1. Late life is most often a time of happiness and satisfaction. (Grandparents; My Little Golden Book About Betty WhiteMr. George Baker; Bon Appetit: The Delicious Life of Julia Child; Where Three Oceans Meet; Mr. McGinty’s Monarchs.)

  1. Creativity is frequently enhanced by the experiences of a long life. (See Kiyoshi’s Walk; Mornings with Monet; Dancing in Thatha’s Footsteps; Henri’s Scissors;   It Jes’ Happened: When Bill Traylor started to Draw; The Fantastic Jungles of Henri Rousseau.)

  1. Aging and interdependence are normal and lifelong—at every age and ability we deserve to be treated as a valued individual. (See The Most Beautiful Thing; How Old am I?; Miss Rumphius; Ten Ways to Hear Snow; Mrs. Katz and Tush, and Dream: A Tale of Wonder, Wisdom and Wishes.)

  1. Older adults possess a variety of interests, abilities, and talents that does not melt away with age, but grows with experience. (See Ten Beautiful Things; My Teacher; Abuelita and I Make Flan; Nature’s Friend: The Gwen Frostic Story; A River of Words: The Story of William Carlos Williams; The Oldest Student and Nana Akua Goes to School.)

show cover of book The Oldest Student

  1. People of all ages have much in common and much to gain from intergenerational relationships. (See Tofu Takes Time; Harry and Walter; A Map into the World; Drawn Together; George Baker; An Inconvenient Alphabet: Ben Franklin & Noah Webster’s Spelling Revolution; Jingle Dancer.)

Please share an Age Positive* picture book soon with an impressionable young mind.

***Don’t forget to comment on this post for a chance to win a hard copy of my book A Plan for the People: Nelson Mandela’s Hope for His Nation—mailed to one winner within the continental U.S.A. (Giveaway now closed)

Let me know in a comment if you share this post on social media and I’ll throw another chance in the hat for you. Thank you!

ALL images shared in this post are Age Positive books. For more go to the picture book resources at

Download a free RESOURCE PAGE on aging and ageism in picture books here.



Posted in Articles, Especially For Teachers, Resources for Writers, The Basics | Tagged , , , , , , , | 14 Comments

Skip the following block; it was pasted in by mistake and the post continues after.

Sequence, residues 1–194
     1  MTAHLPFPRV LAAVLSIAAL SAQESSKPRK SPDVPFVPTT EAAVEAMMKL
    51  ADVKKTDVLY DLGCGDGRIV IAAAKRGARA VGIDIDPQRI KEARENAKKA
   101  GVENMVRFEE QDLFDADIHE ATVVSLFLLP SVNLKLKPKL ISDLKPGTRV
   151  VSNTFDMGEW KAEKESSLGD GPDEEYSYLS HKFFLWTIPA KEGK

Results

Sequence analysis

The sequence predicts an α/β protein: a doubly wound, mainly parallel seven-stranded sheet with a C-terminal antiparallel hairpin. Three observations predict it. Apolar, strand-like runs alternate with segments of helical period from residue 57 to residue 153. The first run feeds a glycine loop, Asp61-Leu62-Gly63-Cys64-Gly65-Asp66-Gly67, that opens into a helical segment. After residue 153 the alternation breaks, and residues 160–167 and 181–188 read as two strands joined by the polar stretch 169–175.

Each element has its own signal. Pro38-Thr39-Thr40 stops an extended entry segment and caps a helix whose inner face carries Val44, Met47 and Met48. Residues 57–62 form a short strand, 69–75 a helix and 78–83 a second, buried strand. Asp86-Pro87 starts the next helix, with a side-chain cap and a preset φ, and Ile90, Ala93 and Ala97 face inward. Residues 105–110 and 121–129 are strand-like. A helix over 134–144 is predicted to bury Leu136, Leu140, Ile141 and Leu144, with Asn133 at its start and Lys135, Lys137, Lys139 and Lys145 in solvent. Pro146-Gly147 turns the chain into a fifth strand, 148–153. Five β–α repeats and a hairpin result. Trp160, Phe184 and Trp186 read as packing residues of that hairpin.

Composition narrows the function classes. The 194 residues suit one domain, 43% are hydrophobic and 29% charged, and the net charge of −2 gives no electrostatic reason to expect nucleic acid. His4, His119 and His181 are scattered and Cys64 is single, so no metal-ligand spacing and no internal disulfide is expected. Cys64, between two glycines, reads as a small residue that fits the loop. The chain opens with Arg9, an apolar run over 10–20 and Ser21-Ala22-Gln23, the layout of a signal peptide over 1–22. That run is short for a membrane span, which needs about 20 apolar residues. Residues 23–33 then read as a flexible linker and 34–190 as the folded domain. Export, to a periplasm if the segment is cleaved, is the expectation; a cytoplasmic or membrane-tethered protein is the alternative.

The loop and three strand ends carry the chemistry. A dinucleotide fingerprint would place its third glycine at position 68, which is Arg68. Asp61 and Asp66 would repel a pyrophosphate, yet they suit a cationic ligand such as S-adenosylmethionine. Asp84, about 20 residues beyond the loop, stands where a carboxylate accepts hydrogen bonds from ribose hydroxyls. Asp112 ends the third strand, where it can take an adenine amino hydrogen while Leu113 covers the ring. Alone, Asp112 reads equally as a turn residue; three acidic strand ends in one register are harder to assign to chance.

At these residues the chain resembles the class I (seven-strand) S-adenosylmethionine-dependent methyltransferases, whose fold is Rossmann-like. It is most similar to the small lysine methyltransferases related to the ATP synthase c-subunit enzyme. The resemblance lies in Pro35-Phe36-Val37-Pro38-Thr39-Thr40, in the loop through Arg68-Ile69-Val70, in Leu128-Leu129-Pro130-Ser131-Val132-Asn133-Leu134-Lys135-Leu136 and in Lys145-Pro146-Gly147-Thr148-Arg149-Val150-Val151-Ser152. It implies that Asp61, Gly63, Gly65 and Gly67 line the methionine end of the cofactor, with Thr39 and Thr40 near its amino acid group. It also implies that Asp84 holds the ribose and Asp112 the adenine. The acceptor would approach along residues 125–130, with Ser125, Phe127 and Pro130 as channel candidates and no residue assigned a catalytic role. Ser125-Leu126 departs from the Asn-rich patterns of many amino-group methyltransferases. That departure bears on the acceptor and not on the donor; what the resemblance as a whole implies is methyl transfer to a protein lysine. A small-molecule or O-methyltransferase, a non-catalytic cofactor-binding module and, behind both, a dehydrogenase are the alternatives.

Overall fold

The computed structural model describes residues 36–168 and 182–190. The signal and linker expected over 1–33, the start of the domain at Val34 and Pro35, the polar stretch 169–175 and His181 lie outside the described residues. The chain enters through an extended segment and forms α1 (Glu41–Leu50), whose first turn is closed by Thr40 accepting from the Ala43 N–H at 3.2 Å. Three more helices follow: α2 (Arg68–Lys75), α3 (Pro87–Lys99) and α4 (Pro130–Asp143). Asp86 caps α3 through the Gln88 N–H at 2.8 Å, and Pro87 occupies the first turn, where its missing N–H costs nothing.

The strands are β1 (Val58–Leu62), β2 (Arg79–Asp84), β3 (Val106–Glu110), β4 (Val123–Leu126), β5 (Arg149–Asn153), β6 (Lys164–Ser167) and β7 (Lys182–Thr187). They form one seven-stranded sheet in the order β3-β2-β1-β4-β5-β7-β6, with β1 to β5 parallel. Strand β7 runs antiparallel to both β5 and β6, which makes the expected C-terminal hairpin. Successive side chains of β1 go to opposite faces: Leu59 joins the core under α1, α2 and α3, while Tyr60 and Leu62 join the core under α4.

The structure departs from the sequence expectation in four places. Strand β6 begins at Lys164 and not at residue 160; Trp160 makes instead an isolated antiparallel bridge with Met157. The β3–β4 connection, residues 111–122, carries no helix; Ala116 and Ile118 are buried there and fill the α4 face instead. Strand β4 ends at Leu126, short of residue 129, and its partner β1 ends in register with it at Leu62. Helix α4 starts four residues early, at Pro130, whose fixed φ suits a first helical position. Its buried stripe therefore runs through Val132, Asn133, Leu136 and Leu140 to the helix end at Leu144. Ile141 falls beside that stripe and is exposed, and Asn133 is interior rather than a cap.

Ten Beautiful Things & Kiyoshi’s Walk

Two lovely new picture books subtly address loneliness, compassion, wisdom, creativity and the beauty surrounding us. These Age Positive picture books, Ten Beautiful Things and Kiyoshi’s Walk, do this in such an exceptional way that both adults and children will come away with renewed appreciation for the poetry to be found in ordinary living, whether they live in rural settings or in a city.


Ten Beautiful Things

By Molly Beth Griffin; illustrated by Maribel Lechuga

Charlesbridge; 2021

Ten Beautiful Things illustration

In Ten Beautiful Things “Lily and her grandmother search for ten beautiful things as they take a long car ride to Iowa and Lily’s new home with Gran. At first, Lily sees nothing beautiful in the April slush and cloudy sky.

illustration in Ten Beautiful Things

Soon though, Lily can see beauty in unexpected places, from the smell of spring mud to a cloud shaped like a swan to a dilapidated barn. A furious rainstorm mirrors Lily’s anxiety, but as it clears Lily discovers the tenth beautiful thing: Lily and Gran and their love for each other.

Ten Beautiful Things illustration by Maribel Lechuga

Ten Beautiful Things leaves the exact cause of Lily’s move ambiguous, making it perfect for anyone helping a child navigate change, whether it be the loss of a parent, entering or leaving a foster home, or moving.” (Book description at

Kiyoshi’s Walk

by Mark Karlins; illustrated by Nicole Wong

Lee & Low Books Inc.; 2021

Kiyoshi’s Walk

Kiyoshi’s Walk:After Kiyoshi watches his grandfather, Eto, compose his delicate haiku, he wonders out loud: “Where do poems come from?”